"I wasn’t a very good Juliet tonight," she said and looked at him with love in her eyes.
"You were terrible," said Dorian coldly. "My friends were bored. I was bored. I suppose you were ill."
She did not seem to hear him. "Dorian," she cried, "before I knew you, the theatre was my only life. I thought that it was all true. I knew nothing but shadows, and I thought that they were real. But you’ve taught me the difference between art and life. How can I pretend to be Juliet – to feel Juliet’s love, when I know now what true love is?"
Dorian turned his face away from her. "But I loved you for your art – because you were a wonderful actress," he said. His voice was hard. "You have killed my love. Without your art, you are nothing. I never want to see you again."
Sybil’s face was white with fear. "You’re not serious, are you, Dorian?" she asked. She touched his arm with her small gentle hand.
‘Don’t touch me!’ he shouted angrily. He pushed her away, and she fell to the floor and lay there like a broken bird.
"Dorian, please, don’t leave me," she cried. "I love you better than anything in the world. Don’t leave me!"
Dorian Gray looked down at her with his beautiful eyes. There was no love or gentleness in his face. "I’m going," he said at last. "I do not wish to be unkind, but I don’t want to see you again," without another word he left her.
All night he walked through the streets of London. When morning came, he went home. When he entered his house, he saw the portrait of himself that Basil Hallward had painted. There was something different about it, he thought. The face had changed – there was something unkind and cruel about the mouth. It was very strange.
He picked up a mirror and looked at his own face, and then looked again at the face in the portrait. Yes, it was different. What did this change mean?
Suddenly he remembered his wish in Basil Hallward’s house… his wish that he could stay young, but the picture could grow old. The idea was impossible, of course. But why did the face in the picture have that cruel, unkind mouth?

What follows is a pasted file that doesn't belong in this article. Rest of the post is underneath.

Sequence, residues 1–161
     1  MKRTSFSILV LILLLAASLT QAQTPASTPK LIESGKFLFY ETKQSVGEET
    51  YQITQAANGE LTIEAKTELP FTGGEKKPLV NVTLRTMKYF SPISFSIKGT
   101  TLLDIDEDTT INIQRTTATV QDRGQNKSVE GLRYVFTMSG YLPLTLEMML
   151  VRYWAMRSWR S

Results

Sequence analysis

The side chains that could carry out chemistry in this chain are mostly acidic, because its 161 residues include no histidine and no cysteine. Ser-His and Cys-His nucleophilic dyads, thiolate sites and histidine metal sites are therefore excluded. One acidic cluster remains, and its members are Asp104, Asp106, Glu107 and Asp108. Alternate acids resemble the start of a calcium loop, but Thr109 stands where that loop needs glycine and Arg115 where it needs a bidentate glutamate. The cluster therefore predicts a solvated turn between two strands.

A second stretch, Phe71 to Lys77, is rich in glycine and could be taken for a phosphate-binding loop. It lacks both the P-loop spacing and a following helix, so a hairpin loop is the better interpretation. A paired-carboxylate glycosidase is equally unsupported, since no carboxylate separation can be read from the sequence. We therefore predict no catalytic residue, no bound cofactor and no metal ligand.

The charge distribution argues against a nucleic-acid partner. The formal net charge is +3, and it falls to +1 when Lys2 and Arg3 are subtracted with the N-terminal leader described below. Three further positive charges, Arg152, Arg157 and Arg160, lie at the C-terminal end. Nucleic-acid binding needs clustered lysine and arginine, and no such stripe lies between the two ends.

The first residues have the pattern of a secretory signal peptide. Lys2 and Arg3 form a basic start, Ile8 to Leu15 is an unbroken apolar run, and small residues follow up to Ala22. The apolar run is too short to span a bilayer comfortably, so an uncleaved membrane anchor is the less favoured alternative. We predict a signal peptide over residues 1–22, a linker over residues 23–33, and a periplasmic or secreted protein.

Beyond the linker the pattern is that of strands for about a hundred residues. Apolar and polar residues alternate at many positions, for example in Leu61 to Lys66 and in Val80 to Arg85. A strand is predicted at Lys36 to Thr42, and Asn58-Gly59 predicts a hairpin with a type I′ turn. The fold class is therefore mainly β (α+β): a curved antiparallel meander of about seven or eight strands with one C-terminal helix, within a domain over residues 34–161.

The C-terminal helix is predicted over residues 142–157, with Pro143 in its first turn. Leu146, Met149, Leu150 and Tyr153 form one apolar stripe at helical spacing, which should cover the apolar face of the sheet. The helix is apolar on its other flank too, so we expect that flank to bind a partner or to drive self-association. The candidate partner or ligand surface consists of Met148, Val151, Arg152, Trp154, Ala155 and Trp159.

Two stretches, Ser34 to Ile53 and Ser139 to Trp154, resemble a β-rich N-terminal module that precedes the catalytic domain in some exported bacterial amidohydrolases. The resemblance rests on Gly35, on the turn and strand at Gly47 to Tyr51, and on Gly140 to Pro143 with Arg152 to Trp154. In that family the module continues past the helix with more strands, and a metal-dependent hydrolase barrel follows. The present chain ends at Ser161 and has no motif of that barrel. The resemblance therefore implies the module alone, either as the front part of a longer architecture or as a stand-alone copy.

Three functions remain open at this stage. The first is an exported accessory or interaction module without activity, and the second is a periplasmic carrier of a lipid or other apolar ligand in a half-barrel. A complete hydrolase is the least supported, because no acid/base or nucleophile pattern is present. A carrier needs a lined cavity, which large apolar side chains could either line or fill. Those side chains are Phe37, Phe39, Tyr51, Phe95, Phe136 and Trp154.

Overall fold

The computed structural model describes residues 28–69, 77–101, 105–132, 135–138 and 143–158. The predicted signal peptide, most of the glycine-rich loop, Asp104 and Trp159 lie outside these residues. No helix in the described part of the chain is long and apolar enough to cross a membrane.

Cruel! Had he been cruel to Sybil Vane? He remembered her white unhappy face as she lay at his feet. But she had hurt him, too. No, Sybil Vane was nothing to him now.
But the picture watched him, with its beautiful face and its cruel smile. It had taught him to love his own beauty. Would it also teach him to hate his own heart, his own soul? No, he would go back to Sybil Vane. He would marry her, try to love her again. Poor child! How cruel he had been to her! They would be happy together.
He covered the picture and quickly left the room.

I. Focus on grammar.
Give the degrees of comparison of the following adjectives and adverbs.
Amusing, happy, wonderful, dangerous, silent, beautiful, soft, unnatural, lovely, loudly, miserably, painful, terrible, serious, gentle, angrily, unkind.

Choose 5 of them and make up 5 sentences according to the plot of the text.

II. Focus on vocabulary.
Fill in the gaps with the suitable derivative of the words given in brackets.
1. "Why not,"- Lord Henry said (cool)
2. "Sybil has changed me,"- said Dorian (happy)
3. The theatre was (crowd) (noise)
4. Sybil looked beautiful but her voice sounded (natural)
5. "I want to be alone,"- he said (miserable)
6. There was no love or in his face (gentle)
7. People in the theatre began talking (loud)
Follow-up. Discussion.
1. In pairs. What new information about Dorian Gray did you get from the text?
2. Lord Henry said: "… when we are good we are not always happy". What did he mean by it?
3. Why did Dorian Gray leave Sybil for good?